United States

Francis Scott Key Bridge Collapse: Heroes Emerge Amidst Lost Power, Mayday Call And The Ship Collision In Baltimore

In a tragic incident that rocked Baltimore, the Francis Scott Key Bridge collapsed following a collision with a massive container ship, prompting commendation for the heroes who emerged amidst the chaos and a plea for federal support in rebuilding efforts.

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Francis Scott Key Bridge Collapse Photo: Getty Images
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In the early hours of Tuesday, a massive container ship collided with the Francis Scott Key Bridge in Baltimore, causing significant portions of the bridge to collapse into the Patapsco River.

Maryland Governor Wes Moore promptly declared a state of emergency following the bridge's impact. The Francis Scott Key Bridge, a vital segment of Interstate 695 and a crucial link in the Eastern Seaboard's transportation network to one of the nation's largest ports, was severely affected. As a result, vessel traffic was halted.

Efforts to locate and rescue individuals impacted by the incident were suspended on Tuesday night and the six construction workers who remain missing are presumed dead.

Governor Moore emphasized that there is no substantial evidence suggesting a terrorist attack. The primary focus remains on conducting a thorough search operation, spearheaded by the Coast Guard, to locate any individuals who may have been on the bridge at the time of the collision.

Here's everything you need to know about the collision:

How and why did the ship hit the bridge?

The reason behind the ship colliding with the bridge remains unknown, with the National Transportation Safety Board initiating an investigation into the incident.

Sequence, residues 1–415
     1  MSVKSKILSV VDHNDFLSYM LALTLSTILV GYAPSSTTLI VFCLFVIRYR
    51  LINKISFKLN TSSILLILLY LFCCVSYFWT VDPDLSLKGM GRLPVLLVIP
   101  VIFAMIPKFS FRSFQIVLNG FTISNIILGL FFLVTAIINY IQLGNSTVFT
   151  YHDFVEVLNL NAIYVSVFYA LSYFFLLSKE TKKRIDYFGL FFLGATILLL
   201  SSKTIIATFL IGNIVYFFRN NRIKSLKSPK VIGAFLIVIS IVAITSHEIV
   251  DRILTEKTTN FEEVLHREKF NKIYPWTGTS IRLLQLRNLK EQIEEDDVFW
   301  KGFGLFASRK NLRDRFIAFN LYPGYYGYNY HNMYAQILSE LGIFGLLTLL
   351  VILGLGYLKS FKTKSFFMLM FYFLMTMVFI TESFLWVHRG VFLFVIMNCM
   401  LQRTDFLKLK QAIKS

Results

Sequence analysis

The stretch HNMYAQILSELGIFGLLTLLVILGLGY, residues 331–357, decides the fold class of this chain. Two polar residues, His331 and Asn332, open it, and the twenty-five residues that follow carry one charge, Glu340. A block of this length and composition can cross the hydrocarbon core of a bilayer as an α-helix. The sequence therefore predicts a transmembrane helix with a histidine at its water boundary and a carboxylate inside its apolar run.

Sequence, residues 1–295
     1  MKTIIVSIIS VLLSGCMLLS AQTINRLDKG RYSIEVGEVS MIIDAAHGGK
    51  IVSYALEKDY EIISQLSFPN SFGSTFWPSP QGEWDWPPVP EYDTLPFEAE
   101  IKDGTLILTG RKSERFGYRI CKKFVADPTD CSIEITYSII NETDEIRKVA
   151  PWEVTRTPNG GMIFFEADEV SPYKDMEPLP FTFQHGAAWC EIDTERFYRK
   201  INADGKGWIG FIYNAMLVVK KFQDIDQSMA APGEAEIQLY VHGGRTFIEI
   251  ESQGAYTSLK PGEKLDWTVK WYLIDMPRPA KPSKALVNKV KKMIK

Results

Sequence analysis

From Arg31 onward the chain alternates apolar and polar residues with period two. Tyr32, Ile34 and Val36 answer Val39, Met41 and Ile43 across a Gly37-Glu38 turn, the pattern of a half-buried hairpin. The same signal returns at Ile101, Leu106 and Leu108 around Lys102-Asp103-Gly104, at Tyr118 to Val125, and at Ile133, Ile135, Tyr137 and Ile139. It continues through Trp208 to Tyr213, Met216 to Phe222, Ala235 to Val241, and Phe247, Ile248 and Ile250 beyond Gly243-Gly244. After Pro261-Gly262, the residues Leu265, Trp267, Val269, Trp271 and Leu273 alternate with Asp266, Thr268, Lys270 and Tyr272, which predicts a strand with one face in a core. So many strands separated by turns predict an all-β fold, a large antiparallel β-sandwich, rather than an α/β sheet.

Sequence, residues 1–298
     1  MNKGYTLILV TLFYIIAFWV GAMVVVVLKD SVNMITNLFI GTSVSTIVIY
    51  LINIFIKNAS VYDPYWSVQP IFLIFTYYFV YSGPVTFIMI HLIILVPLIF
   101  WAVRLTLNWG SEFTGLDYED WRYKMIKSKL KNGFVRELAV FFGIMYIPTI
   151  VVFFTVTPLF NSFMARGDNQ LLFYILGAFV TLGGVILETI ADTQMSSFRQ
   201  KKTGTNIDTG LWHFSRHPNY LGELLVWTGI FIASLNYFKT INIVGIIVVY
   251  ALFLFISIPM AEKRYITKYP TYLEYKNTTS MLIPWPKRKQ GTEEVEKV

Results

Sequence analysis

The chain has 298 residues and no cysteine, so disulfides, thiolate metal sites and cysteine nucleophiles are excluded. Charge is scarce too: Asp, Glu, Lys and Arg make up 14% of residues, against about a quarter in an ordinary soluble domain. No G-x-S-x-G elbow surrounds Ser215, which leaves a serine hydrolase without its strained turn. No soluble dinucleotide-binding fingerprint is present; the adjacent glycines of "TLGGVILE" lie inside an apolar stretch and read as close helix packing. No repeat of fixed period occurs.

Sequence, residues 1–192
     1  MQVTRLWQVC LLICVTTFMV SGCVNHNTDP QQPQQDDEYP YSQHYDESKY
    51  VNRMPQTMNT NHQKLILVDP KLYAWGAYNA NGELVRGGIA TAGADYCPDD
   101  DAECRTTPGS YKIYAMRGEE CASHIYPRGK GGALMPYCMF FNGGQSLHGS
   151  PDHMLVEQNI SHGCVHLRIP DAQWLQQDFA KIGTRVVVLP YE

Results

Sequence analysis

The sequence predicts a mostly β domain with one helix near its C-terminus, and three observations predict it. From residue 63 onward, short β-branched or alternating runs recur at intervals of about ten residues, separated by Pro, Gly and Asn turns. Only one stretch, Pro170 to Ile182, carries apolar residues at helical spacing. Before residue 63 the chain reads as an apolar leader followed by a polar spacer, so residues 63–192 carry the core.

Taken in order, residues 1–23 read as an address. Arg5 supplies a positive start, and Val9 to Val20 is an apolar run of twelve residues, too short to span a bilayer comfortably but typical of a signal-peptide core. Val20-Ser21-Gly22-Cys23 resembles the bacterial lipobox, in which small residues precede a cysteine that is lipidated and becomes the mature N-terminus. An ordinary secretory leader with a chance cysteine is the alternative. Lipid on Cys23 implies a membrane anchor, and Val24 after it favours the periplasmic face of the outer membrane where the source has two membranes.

The cargo vessel, named The Dali and measuring 985 feet in length, was departing from the Port of Baltimore when it experienced a power loss. Shortly before striking a crucial part of the bridge, referred to as a pylon or pier, the vessel issued a mayday distress call. Radio communications from emergency responders indicated that the ship's crew was encountering difficulties in navigating, as per audio recordings made available by Broadcastify. Approximately two minutes prior to the collision, most of the ship's lights suddenly went dark.

At the time of the accident, Baltimore harbor pilots were providing guidance to the vessel, a customary practice during port entries or canal maneuvers, as stated in a joint statement released by the ship's owner and manager.

Governor Moore confirmed that the bridge met all relevant safety standards and regulations, and initial assessments suggest that the collapse was not caused by any structural deficiencies.

Baltimore Bridge Death Toll

The death toll includes the tragic loss of the construction workers, who, according to Coast Guard and state police officials, had been missing for too long to hold out hope for rescue, particularly due to the cold water temperatures. Colonel Roland L. Butler of the Maryland State Police mentioned that divers would make further attempts to recover the bodies from the water.

Among those missing, at least one worker was identified as an immigrant from El Salvador, as reported by We are Casa, a nonprofit organization offering support to the immigrant community in Baltimore.